A Honduran migrant walks after jumping the wall to the U.S that separates Tijuana, Mexico and San Diego, in Tijuana, Mexico, Thursday, Nov. 29, 2018. Aid workers and humanitarian organizations expressed concerns Thursday about the unsanitary conditions at the sports complex in Tijuana where more than 6,000 Central American migrants are packed into a space adequate for half that many people and where lice infestations and respiratory infections are rampant. (AP Photo/Ramon Espinosa)
In a photo taken from the Tijuana, Mexico, side of the border wall, a guard on the U.S. side, at left, watches Honduran migrants jump the wall into the United States, Sunday, Dec. 2, 2018. Thousands of migrants who traveled via caravan are seeking asylum in the U.S., but face a decision between waiting months or crossing illegally, because the U.S. government only processes a limited number of cases a day at the San Ysidro border crossing in San Diego. (AP Photo/Ramon Espinosa)
In a photo taken from the Tijuana, Mexico, side of the border, two immigrants on U.S. soil try to jump the second wall before border police arrived and arrested them, Sunday, Dec. 2, 2018. Thousands of migrants who traveled via caravan are seeking asylum in the U.S., but face a decision between waiting months or crossing illegally, because the U.S. government only processes a limited number of cases a day at the San Ysidro border crossing in San Diego. (AP Photo/Ramon Espinosa)
In a photo taken from the Tijuana, Mexico, side of the border wall, a U.S. Border Patrol agent is seen as Honduran migrants who jumped the wall surrender on the U.S. side, Sunday, Dec. 2, 2018. Thousands of migrants who traveled via caravan are seeking asylum in the U.S., but face a decision between waiting months or crossing illegally, because the U.S. government only processes a limited number of cases a day at the San Ysidro border crossing in San Diego. (AP Photo/Ramon Espinosa)
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Asked Monday if the Senate can try to amend the resolution, McConnell said senators have been consulting with the parliamentarian about "what options there are, if any."

McConnell, who has worked closely with Trump on the tax system overhaul, the selection of conservative judges and other issues, acknowledged he had counseled the president against making the declaration. The Senate leader said he's worried that Trump's move would set a precedent for future Democratic presidents to make such a declaration for their own purposes.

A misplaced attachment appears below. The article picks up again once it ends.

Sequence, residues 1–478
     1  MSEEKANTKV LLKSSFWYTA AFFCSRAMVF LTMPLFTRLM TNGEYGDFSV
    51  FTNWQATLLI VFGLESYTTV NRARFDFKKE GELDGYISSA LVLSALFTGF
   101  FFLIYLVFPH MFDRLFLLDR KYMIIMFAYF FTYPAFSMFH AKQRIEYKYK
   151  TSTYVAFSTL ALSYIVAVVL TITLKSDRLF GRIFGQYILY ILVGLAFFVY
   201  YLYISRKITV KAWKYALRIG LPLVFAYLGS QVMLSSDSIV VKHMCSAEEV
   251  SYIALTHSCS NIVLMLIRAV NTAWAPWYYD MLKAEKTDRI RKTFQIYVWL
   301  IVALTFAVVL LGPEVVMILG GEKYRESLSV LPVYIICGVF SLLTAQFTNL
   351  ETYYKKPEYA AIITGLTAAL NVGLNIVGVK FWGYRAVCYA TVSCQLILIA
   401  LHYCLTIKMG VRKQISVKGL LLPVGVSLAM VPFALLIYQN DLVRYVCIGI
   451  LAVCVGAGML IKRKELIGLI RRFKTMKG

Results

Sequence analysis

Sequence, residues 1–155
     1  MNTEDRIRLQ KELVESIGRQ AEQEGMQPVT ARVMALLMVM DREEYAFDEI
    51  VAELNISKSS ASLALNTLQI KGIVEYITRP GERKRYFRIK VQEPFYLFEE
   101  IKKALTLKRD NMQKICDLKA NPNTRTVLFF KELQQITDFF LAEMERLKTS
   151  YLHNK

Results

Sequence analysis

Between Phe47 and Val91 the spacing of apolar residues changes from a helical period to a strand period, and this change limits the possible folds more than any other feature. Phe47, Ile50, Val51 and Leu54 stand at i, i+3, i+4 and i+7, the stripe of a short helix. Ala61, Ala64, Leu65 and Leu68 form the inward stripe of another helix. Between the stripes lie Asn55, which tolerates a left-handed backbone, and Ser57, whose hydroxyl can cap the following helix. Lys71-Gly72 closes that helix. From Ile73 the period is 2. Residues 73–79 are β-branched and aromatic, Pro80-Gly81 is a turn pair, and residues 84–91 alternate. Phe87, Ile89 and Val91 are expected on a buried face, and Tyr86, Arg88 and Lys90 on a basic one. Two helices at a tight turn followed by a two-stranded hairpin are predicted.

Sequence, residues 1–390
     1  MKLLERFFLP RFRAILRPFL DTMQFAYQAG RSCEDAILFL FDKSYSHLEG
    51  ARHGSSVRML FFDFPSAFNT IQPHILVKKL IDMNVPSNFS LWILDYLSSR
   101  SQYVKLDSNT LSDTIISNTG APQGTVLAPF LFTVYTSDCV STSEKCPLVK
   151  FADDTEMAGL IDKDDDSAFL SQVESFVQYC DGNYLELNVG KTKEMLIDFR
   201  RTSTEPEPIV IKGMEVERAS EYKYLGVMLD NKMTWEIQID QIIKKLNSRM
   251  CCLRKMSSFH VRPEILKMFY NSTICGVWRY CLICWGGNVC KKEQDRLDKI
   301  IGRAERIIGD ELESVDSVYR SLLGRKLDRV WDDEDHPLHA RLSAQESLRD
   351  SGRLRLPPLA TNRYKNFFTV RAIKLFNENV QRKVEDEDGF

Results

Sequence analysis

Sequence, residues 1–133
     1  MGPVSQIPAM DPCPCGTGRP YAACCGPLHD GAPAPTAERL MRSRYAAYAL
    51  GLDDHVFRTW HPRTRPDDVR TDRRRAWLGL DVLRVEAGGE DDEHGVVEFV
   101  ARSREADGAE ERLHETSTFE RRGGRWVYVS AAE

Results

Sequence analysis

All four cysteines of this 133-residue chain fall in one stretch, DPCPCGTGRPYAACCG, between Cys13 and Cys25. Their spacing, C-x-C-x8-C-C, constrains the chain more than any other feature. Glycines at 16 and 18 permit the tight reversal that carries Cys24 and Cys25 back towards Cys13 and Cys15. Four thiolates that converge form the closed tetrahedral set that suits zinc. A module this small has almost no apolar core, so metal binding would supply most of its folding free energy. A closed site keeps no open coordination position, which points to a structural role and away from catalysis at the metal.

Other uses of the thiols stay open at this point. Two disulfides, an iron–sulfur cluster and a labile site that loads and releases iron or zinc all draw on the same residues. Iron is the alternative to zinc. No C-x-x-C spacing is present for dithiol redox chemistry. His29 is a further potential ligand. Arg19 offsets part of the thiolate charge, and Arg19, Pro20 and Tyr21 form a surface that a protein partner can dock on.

"That's one reason I argued, obviously without success to the president, that he not take this route," McConnell said.

Many lawmakers opposed to the emergency declaration say it tramples Congress' constitutional power to control spending. They also are concerned Trump would siphon money from home-state projects to barrier construction.

McConnell didn't comment Monday on Paul's position on the declaration. At a GOP dinner this past weekend in Kentucky, Paul said: "I can't vote to give the president the power to spend money that hasn't been appropriated by Congress.

"We may want more money for border security, but Congress didn't authorize it. If we take away those checks and balances, it's a dangerous thing," Paul added, according to the Bowling Green (Ky.) Daily News.

Under the declaration, Trump would divert $3.6 billion from military construction to erect more border barriers. He's invoking other powers to transfer an additional $3.1 billion to construction. Lawsuits have been filed aimed at derailing the declaration, which could at least prevent Trump from getting the extra money for months or more.

Other lawmakers including Sen. Lamar Alexander, R-Tenn., have been trying to persuade Trump to abandon the emergency declaration and draw the money from other budget accounts that he has the power to tap.

Paul said he spoke to Trump Sunday night and detected no signs of backing down. "I think he's made his decision," he told reporters.

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Associated Press writer Alan Fram in Washington contributed to this report.